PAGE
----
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For that, whereas, the said defendant heretofore, to-wit: On the 1st day of January, 1839, having, or pretending to have a demand or debt owing to him, the said defendant, for the sum of four hundred dollars, by one William P. Christian, of Elbert county, in the State of Georgia, and which the said William Penn, the defendant, stated was to be paid by the said William P. Christian, when the estate of one Maxwell, the father-in-law of the said William P. was distributed. And the said defendant, intending to deceive and defraud your petitioner, wrongfully and deceitfully persuaded one Nathaniel Duncan, the then co-partner of your petitioner, to sign the partnership name of

Christian vs. Penn.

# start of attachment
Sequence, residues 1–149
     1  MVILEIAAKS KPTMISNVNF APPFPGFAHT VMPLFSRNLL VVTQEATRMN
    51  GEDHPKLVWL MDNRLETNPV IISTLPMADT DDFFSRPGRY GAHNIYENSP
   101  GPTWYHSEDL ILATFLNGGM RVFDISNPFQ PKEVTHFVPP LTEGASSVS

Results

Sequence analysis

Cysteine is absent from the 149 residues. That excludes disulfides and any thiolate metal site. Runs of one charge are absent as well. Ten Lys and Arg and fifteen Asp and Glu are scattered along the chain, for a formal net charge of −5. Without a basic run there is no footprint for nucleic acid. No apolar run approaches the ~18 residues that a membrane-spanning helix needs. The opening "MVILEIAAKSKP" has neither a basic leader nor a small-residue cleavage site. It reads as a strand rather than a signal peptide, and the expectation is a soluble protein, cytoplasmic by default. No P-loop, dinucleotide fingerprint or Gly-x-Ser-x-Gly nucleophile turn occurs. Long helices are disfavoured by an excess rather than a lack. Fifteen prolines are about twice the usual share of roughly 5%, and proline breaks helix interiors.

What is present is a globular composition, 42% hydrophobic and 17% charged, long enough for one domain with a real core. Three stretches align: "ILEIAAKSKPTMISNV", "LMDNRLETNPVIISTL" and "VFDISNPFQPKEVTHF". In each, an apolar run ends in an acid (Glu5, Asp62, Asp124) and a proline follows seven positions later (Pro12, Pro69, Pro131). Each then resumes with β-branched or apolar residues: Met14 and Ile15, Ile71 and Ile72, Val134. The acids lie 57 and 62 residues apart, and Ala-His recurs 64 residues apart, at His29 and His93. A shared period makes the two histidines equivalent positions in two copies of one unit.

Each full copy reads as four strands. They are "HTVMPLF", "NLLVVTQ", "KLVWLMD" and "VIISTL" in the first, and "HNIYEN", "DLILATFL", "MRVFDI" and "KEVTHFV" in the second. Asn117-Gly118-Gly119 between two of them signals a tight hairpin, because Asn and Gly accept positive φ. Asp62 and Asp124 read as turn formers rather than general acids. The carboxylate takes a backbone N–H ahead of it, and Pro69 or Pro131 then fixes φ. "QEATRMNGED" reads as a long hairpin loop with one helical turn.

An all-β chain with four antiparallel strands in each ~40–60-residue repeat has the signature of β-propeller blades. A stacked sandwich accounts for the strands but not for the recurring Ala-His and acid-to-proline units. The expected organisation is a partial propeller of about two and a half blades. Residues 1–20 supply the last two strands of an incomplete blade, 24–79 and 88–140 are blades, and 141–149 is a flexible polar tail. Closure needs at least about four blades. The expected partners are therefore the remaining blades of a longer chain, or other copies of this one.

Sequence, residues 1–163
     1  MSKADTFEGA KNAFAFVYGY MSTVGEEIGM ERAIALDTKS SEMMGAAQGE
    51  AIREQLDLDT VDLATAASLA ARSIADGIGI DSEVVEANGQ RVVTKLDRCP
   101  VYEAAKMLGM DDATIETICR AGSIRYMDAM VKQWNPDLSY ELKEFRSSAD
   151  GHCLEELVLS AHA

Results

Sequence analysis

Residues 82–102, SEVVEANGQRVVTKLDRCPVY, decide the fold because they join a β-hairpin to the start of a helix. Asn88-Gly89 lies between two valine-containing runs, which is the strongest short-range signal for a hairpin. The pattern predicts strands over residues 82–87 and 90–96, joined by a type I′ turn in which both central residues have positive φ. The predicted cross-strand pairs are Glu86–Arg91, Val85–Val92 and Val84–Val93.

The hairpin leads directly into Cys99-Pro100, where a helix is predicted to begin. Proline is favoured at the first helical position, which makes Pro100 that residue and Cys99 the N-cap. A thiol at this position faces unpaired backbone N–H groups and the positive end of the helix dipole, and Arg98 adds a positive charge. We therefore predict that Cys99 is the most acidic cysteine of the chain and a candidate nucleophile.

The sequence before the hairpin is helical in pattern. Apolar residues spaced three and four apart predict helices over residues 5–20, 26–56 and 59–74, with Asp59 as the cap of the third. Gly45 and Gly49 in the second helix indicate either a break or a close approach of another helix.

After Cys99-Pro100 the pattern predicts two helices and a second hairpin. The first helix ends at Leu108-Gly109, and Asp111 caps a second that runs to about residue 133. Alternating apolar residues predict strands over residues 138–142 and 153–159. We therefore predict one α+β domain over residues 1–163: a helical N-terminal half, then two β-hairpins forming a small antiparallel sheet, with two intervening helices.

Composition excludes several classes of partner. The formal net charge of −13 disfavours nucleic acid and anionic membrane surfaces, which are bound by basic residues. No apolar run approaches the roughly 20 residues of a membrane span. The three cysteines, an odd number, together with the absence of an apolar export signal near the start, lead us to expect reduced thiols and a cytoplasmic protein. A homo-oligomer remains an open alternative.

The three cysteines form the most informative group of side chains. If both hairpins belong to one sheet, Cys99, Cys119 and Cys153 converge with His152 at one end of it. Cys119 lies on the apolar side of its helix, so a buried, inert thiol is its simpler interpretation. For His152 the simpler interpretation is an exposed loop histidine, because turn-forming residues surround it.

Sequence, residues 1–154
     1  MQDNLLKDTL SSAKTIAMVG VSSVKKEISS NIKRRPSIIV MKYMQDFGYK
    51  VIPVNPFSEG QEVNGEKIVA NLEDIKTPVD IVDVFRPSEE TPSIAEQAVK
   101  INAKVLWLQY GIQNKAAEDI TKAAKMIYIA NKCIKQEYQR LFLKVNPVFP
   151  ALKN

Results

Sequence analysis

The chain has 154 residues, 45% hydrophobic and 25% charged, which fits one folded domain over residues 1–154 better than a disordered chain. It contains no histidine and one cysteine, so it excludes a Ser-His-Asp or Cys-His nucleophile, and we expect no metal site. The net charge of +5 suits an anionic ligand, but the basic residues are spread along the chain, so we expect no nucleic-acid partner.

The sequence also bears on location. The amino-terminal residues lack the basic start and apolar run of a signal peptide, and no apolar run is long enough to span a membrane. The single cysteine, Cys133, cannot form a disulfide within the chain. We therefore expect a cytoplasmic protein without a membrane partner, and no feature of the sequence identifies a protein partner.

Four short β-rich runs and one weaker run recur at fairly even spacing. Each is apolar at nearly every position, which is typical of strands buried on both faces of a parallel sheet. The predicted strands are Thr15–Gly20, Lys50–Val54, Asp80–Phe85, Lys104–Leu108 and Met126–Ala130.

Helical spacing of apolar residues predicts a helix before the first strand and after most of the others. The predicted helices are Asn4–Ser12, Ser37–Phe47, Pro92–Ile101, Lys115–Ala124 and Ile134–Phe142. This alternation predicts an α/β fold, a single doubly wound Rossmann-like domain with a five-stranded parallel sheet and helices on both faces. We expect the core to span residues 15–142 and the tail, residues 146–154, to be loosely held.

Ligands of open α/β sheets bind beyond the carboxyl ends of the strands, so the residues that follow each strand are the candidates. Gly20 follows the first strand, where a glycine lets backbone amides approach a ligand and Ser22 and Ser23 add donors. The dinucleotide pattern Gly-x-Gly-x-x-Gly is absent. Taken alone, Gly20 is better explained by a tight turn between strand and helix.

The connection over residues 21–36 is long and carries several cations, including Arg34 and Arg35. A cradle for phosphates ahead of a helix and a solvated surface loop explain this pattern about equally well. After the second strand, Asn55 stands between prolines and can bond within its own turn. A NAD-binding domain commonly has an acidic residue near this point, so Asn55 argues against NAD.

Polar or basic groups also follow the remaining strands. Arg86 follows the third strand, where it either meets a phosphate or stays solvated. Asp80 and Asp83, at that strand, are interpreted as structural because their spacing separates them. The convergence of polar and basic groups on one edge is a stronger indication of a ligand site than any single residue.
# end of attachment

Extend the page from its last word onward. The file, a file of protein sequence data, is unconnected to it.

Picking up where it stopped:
your petitioner, for the said William P. Christian's benefit, payable to him, the said defendant, for the sum of four hundred dollars; and by falsely, deceitfully and fraudulently representing to the said Nathaniel, the co-partner of your petitioner, that the said William P. Christian was abundantly able to pay the said note, and that your petitioner should never be called on for payment thereof, but should be saved harmless from all liability on account of said note, and that the said defendant would never look to your petitioner for payment of the same, caused and procured the said Nathaniel to sign the partnership name of your petitioner to the said note of hand without the knowledge of your petitioner, and fraudulently accepted the same, whereby your petitioner became bound to pay the said note, when in truth and in fact, the said defendant, at the time of making such representations, well knew the said William P. Christian was not safely to be trusted, but was insolvent and unable to pay said note, and so your petitioner says the defendant fraudulently deceived your petitioner, by representations made by him, and that by means thereof, he hath been compelled to pay the said note, and the interest and costs, amounting in the whole to the sum of money aforesaid."